Format

Send to

Choose Destination
J Alzheimers Dis. 2014;42(4):1357-82. doi: 10.3233/JAD-140891.

Somatic signature of brain-specific single nucleotide variations in sporadic Alzheimer's disease.

Author information

1
Department of Cell Biology, University of Barcelona, Barcelona, Spain Centro de Investigación Biomédica en Red sobre Enfermedades Neurodegenerativas (CIBERNED, ISCIII), Spain.
2
Centro de Investigación Biomédica en Red sobre Enfermedades Neurodegenerativas (CIBERNED, ISCIII), Spain Centro de Biología Molecular Severo Ochoa (CSIC-UAM), Madrid, Spain.
3
Joint IRB-BSC Program in Computational Biology, Barcelona Supercomputing Center, Barcelona, Spain.
4
Department of Cell Biology, University of Barcelona, Barcelona, Spain Institució Catalana de Recerca i Estudis Avançats (ICREA), Barcelona, Spain.
5
Fundación CIEN, Vallecas, Madrid, Spain.
6
Department of Cell Biology, University of Barcelona, Barcelona, Spain Centro de Investigación Biomédica en Red sobre Enfermedades Neurodegenerativas (CIBERNED, ISCIII), Spain Fundación CIEN, Vallecas, Madrid, Spain Vall d'Hebrón Institut de Recerca (VHIR), Barcelona, Spain.

Abstract

BACKGROUND:

Although genome-wide association studies have shown that genetic factors increase the risk of suffering late-onset, sporadic Alzheimer's disease (SAD), the molecular mechanisms responsible remain largely unknown.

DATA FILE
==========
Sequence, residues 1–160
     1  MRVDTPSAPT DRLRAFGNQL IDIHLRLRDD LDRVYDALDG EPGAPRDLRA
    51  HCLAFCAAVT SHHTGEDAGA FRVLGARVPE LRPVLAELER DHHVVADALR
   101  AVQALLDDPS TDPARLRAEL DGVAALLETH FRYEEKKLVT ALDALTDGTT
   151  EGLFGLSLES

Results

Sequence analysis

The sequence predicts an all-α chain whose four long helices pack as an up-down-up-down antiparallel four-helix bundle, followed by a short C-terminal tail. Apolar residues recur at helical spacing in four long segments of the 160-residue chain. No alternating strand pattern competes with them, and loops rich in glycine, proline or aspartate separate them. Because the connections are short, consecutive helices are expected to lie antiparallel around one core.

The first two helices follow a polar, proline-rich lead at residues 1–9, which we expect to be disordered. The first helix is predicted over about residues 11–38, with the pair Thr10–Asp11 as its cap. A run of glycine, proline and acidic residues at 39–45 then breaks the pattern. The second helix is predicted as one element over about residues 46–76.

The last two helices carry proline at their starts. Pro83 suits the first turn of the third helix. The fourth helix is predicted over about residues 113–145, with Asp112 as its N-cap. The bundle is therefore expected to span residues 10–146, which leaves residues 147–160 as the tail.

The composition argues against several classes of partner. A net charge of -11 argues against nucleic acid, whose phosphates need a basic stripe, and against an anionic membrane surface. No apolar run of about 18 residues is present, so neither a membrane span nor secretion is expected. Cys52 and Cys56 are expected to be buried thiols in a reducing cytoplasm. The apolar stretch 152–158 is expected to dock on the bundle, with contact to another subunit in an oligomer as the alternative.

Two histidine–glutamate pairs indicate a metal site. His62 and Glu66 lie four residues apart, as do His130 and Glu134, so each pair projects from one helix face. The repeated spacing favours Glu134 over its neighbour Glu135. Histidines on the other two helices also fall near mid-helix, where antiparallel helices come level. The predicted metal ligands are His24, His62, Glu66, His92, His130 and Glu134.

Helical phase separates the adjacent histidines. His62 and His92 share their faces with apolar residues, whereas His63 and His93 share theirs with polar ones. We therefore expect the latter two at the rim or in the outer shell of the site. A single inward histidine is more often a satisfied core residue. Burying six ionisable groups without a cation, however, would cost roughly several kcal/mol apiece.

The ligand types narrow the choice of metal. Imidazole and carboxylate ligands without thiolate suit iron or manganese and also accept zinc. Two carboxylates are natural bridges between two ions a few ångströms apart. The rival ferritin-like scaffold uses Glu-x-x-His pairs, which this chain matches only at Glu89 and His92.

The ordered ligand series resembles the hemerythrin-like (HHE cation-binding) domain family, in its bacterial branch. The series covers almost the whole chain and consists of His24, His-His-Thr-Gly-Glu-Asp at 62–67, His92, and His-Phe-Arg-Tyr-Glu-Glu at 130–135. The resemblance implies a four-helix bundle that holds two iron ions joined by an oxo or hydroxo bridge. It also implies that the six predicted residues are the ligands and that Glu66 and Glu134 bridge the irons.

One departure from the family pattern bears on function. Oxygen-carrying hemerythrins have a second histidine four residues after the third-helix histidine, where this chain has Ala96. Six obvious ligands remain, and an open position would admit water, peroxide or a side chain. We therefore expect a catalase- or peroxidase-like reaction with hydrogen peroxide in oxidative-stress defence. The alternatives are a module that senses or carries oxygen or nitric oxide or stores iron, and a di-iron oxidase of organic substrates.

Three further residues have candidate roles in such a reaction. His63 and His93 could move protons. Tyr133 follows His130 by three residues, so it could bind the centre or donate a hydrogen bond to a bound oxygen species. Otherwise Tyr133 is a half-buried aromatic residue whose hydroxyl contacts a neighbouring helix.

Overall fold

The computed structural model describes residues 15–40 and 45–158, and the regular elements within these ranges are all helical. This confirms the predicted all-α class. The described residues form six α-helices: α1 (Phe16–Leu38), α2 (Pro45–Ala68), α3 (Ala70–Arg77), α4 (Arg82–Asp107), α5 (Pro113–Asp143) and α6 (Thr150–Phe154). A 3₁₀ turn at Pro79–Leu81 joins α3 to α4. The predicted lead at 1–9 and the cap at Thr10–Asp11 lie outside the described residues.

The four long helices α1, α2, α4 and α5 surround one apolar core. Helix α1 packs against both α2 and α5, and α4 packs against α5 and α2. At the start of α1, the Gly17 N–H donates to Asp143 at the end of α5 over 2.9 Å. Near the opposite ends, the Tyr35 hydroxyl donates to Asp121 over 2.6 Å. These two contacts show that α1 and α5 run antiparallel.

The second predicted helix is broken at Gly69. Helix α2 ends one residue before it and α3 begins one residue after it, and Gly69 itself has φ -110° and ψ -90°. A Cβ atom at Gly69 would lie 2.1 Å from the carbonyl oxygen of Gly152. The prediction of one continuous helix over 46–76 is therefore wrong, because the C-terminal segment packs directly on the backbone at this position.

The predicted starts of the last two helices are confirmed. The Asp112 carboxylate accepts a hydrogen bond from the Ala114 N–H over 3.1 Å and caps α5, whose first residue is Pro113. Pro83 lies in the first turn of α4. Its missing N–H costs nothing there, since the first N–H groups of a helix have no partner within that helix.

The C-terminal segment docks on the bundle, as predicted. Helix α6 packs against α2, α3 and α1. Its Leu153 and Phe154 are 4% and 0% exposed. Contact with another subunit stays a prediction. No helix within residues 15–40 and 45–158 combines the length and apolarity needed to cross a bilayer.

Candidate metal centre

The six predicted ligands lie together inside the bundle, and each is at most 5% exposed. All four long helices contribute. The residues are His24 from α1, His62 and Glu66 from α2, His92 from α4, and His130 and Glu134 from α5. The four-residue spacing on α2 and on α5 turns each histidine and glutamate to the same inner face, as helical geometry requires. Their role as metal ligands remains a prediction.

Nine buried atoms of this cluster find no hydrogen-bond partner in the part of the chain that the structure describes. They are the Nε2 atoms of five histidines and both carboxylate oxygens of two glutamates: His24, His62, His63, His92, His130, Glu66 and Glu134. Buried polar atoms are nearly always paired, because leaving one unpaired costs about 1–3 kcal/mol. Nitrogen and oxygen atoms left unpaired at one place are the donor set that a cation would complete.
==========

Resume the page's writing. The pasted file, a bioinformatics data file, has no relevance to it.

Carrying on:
OBJECTIVE:

The aim of the study was to investigate the presence of somatic, brain-specific single nucleotide variations (SNV) in the hippocampus of SAD samples.

METHODS:

By using bioinformatic tools, we compared whole exome sequences in paired blood and hippocampal genomic DNAs from 17 SAD patients and from 2 controls and 2 vascular dementia patients.

RESULTS:

We found a remarkable number of SNVs in SAD brains (~575 per patient) that were not detected in blood. Loci with hippocampus-specific (hs)-SNVs were common to several patients, with 38 genes being present in 6 or more patients out of the 17. While some of these SNVs were in genes previously related to SAD (e.g., CSMD1, LRP2), most hs-SNVs occurred in loci previously unrelated to SAD. The most frequent genes with hs-SNVs were associated with neurotransmission, DNA metabolism, neuronal transport, and muscular function. Interestingly, 19 recurrent hs-SNVs were common to 3 SAD patients. Repetitive loci or hs-SNVs were underrepresented in the hippocampus of control or vascular dementia donors, or in the cerebellum of SAD patients.

CONCLUSION:

Our data suggest that adult blood and brain have different DNA genomic variations, and that somatic genetic mosaicism and brain-specific genome reshaping may contribute to SAD pathogenesis and cognitive differences between individuals.

KEYWORDS:

Alzheimer's disease; exome sequencing; somatic variations

PMID:
25024348
DOI:
10.3233/JAD-140891
[Indexed for MEDLINE]

Supplemental Content

Full text links

Icon for IOS Press
Loading ...
Support Center